Have you ever over-filled a plastic bag? The plastic stretches as much as it can, but put too much pressure in any area, and the film splits. That can actually happen to your skin, too. Your body’s largest organ functions as a first line of defense against infections and helps hold all your body tissues in place. It’s both strong and flexible, allowing you to move around freely. However, it does have a limit for how far it will stretch. When that limit is reached, you end up with nasty fissures.
Deep, Painful Cracks
Heel fissures are splits in the thickened skin around the heel. If the cracks are shallow, they may not cause much pain. Fissures that cut deeply into the tissue, however, can be very uncomfortable and even bleed. As you might expect, cracks in the skin leave you vulnerable to infections, so they do need to be addressed before complications can develop.
Usually fissures are a result of pressure on dry, thickened skin. The outside edge of the heel is prone to developing calluses. Weight and friction on the heel causes the body to build up extra layers of skin for protection. As the thicker skin dries out, however, it becomes less stretchy or flexible. Pressure on the back of the foot compresses the natural fatty cushions there, squishing them outward against the stiffer skin. Since the dried out callus can’t accommodate the strain, the skin splits. Spending a lot of time barefoot or in backless shoes doesn’t help, either. The supportive backs of shoes and cushioned soles help relieve some pressure on the heel and hold the skin in place.
Moisturizer is Your Friend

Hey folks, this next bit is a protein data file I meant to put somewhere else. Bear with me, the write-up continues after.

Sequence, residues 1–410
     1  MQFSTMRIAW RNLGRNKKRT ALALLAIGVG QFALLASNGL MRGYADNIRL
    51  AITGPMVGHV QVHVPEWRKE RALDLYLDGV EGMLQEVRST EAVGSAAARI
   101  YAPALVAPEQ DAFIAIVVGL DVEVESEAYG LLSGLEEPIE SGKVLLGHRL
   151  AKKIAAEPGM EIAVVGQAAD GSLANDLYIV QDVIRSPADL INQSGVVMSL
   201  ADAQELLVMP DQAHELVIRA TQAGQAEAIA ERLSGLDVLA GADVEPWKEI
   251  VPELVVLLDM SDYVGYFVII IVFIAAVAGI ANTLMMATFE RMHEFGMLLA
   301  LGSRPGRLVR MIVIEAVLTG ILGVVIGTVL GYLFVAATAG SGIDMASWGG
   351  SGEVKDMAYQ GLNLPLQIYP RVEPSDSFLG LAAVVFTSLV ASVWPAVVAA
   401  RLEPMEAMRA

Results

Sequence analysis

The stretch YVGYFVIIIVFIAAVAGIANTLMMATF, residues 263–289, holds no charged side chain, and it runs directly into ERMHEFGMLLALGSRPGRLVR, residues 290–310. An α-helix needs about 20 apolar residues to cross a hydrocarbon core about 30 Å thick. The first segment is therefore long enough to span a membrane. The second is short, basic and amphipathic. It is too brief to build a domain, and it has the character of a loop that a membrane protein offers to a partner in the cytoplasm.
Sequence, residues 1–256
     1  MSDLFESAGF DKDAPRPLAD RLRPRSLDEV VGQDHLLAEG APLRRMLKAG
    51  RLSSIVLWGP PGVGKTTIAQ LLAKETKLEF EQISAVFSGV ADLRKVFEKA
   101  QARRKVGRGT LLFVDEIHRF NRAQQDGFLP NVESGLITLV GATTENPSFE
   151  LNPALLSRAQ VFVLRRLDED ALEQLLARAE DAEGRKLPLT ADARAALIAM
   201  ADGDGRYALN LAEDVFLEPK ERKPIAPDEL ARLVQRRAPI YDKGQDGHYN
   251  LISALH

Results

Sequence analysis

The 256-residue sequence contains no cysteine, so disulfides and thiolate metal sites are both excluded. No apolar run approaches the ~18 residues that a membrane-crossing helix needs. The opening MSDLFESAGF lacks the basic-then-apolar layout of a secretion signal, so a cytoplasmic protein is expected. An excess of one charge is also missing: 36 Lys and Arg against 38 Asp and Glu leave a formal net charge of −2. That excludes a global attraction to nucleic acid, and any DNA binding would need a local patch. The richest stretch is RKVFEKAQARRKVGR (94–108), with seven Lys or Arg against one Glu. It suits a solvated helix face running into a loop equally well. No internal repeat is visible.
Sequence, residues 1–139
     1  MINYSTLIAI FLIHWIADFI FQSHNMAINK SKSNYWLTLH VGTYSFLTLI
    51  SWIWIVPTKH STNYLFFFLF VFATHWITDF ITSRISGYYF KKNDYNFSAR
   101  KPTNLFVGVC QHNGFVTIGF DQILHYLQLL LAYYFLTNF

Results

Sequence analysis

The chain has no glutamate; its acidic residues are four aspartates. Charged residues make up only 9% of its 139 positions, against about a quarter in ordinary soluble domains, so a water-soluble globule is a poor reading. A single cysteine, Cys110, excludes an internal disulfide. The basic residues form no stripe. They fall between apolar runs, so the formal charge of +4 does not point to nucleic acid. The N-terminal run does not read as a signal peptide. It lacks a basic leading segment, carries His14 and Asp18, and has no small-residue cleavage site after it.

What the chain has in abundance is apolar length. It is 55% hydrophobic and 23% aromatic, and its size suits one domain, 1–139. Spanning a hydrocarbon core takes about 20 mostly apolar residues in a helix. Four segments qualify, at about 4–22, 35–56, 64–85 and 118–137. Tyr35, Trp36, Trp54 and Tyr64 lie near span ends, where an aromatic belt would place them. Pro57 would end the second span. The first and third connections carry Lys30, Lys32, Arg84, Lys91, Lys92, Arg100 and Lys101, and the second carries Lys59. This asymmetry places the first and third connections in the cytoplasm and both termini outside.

Keeping your skin supple and soft makes a huge difference in avoiding painfully cracked heels. As long as your skin can stretch to accommodate the pressure, it won’t split. Make sure you stay hydrated throughout the day. Then, after you wash and dry your feet, apply lotion or ointment to the skin, rubbing extra into the back of the foot. If your skin is particularly dry, thicker moisturizers like petroleum jelly or baby oils work well. After you’ve applied the lotion, put on warm socks to lock in the moisture and wear them around for a couple of hours, or even overnight.
Since callus build up on your heel contributes to the problem, you should have those ground down with a pumice stone or trimmed by an expert, like Dr. Noah Levine. You should never try to cut off a callus, especially if you’re diabetic—you risk harming healthy skin and opening your body to infections. If you do develop deep, uncomfortable heel fissures that don’t want to heal, you may need to have one of the doctors at Absolute Foot Care Specialists bandage them so the skin has a chance to recover.
If your foot skin is dry and splitting, you don’t have to suffer. You can restore your heels and even avoid those painful cracks. With a little intentional care, your skin can stay flexible and beautiful. Rather than waiting until you develop deep fissures or an infection, contact the experts at Absolute Foot Care Specialists for an appointment or more information and take care of your feet. Visit the online contact page or call (702) 839-2010 to reach any of our Las Vegas locations.